Don't turn your back on San Francisco's homelessness and drug problems

·7-min read
A person wearing a jacket with the hood up sits on the sidewalk with his back against a building.
A homeless person in the Tenderloin district of San Francisco in 2021. (Tayfun Coskun/Anadolu Agency via Getty Images)

At 10:30 on a cold February night in 2019, I began my graveyard shift in San Francisco’s Tenderloin District. It was just my second month at a new job working with homeless people who were being housed in single room occupancy (SRO) hotels in the down-and-out part of town, and my second gig since being released from state prison after serving 23 years for an armed robbery committed when I was 21 years old.

As my shift began, a co-worker called to say he had encountered a likely sign of trouble — a locked shower stall door in one of the bathrooms at a community center being used by the homeless.

Armed with four packages of Narcan, a drug that when squirted up a person’s nostrils reverses the effects of heroin and opioids, I used a key to open the door and found a naked young man lying on the floor, a hypodermic needle next to him as well as a crumpled piece of tinfoil spilling out a drug in powder form.

After confirming he was not breathing, I administered Narcan for the first time in my life. Getting no response, I began chest compressions, as I’d been trained. Still no response, so I gave him a second Narcan dose, but his body lay motionless. A supervisor arrived and administered three more doses and chest compressions while I gathered the tinfoil and, following the rules established to protect the homeless, flushed the powder down a toilet. Just then the man suddenly revived. Confused, irritated, he began telling us his story.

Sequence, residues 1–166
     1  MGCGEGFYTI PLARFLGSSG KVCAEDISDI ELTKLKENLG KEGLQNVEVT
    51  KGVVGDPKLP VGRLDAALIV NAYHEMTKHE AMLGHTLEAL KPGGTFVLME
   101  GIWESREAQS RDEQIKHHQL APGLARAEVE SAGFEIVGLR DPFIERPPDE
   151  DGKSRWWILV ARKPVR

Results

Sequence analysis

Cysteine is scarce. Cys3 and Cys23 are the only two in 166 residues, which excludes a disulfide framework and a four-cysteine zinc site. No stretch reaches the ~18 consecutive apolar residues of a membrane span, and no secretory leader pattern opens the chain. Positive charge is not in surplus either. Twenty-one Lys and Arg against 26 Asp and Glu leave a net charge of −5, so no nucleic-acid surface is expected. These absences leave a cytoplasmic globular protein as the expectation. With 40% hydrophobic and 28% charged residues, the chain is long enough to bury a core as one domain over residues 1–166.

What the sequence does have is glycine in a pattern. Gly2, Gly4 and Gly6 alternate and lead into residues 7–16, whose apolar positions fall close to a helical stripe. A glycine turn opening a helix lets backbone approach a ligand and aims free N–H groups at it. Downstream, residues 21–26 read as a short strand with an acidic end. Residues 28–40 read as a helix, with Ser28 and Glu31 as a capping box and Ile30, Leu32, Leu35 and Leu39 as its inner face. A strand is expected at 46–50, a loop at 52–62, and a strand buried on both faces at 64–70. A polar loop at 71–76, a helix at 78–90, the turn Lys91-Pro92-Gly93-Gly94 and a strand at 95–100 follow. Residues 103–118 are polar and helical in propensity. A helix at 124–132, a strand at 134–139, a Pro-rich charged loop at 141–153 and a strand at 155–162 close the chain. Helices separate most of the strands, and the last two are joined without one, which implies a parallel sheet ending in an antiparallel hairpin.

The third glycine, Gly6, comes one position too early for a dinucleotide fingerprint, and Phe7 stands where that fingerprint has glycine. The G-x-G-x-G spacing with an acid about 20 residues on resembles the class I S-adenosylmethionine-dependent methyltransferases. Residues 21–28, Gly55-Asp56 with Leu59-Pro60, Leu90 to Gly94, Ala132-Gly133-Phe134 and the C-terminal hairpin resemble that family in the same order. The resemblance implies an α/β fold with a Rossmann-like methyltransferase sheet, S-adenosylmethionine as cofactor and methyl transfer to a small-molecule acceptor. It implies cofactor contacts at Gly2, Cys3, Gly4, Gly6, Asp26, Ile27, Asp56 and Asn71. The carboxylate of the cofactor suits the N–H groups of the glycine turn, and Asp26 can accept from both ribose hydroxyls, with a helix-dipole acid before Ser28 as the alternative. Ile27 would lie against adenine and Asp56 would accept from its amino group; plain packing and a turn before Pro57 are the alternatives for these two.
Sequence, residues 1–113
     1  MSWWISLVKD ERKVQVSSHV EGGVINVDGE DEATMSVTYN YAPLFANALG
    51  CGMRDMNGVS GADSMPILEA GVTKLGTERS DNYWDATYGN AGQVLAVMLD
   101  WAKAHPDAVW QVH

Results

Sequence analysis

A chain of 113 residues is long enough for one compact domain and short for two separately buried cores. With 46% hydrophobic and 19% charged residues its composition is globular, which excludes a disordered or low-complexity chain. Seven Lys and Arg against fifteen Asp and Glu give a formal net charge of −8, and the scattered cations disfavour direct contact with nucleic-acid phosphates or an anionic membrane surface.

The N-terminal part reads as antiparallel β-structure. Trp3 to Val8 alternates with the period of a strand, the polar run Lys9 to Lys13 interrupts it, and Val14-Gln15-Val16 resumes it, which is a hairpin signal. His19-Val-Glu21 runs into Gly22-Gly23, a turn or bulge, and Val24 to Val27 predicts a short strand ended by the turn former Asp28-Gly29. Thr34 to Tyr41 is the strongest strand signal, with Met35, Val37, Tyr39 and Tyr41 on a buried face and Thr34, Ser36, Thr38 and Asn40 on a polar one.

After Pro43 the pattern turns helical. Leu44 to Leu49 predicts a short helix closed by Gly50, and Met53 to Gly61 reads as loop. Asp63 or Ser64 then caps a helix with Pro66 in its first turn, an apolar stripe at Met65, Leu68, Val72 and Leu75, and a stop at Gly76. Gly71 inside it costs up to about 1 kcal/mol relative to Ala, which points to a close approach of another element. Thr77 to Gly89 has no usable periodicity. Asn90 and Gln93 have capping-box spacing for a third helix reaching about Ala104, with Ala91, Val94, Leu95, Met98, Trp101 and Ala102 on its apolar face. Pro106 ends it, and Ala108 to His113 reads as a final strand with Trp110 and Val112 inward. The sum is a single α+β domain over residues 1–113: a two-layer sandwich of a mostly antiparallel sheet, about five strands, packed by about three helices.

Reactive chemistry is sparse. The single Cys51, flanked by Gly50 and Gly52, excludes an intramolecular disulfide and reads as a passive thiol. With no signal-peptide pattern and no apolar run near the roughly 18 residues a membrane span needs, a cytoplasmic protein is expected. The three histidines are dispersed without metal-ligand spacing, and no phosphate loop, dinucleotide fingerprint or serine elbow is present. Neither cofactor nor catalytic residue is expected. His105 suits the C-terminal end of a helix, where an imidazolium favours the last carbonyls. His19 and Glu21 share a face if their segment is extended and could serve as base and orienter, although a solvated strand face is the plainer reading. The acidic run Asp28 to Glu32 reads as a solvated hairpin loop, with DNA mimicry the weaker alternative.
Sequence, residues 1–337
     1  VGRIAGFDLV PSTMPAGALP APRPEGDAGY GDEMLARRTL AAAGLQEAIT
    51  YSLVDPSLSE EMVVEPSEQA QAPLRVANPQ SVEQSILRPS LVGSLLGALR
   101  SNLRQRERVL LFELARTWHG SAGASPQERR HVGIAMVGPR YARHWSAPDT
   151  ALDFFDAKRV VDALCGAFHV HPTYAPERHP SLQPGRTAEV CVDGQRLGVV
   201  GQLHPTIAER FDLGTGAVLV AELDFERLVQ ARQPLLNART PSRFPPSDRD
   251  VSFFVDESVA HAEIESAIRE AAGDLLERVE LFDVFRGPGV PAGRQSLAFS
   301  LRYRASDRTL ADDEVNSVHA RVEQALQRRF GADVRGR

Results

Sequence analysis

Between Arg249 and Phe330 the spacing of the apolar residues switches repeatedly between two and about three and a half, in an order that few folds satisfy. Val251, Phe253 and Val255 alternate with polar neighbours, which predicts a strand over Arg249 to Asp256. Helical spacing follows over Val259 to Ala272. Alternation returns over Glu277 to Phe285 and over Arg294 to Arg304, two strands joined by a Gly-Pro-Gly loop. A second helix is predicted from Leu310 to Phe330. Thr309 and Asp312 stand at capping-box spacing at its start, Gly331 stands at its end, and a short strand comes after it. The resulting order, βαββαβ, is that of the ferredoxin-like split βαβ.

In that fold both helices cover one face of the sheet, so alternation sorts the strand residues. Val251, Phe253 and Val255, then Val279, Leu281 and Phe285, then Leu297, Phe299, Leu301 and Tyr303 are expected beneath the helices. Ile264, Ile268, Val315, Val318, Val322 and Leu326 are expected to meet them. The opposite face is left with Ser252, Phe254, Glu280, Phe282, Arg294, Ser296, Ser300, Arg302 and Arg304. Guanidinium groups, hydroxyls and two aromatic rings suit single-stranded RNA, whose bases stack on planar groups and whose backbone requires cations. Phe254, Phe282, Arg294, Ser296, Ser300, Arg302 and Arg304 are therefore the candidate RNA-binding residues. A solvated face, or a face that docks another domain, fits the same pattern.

His name was Taimon and he was 23 years old, he said. His family had kicked him out of their home after he had announced he was gay. Suddenly he found himself living on the streets and soon developed an addiction to heroin.

“I’m trying to fit in,” he told me, “But I can’t shake the demons of family and the streets.”

He talked about his life being locked in a “perpetual cycle,” but he thanked me for helping to save him. “That OD was worse than the others,” he added.

After a childhood spent in South Central Los Angeles watching people I knew get gunned down or addicted to crack, and having logged more than two decades behind bars, it felt good to have learned how to save a life. In fact, that was part of the reason, along with the decent pay, that I took the job in the first place.

A homeless person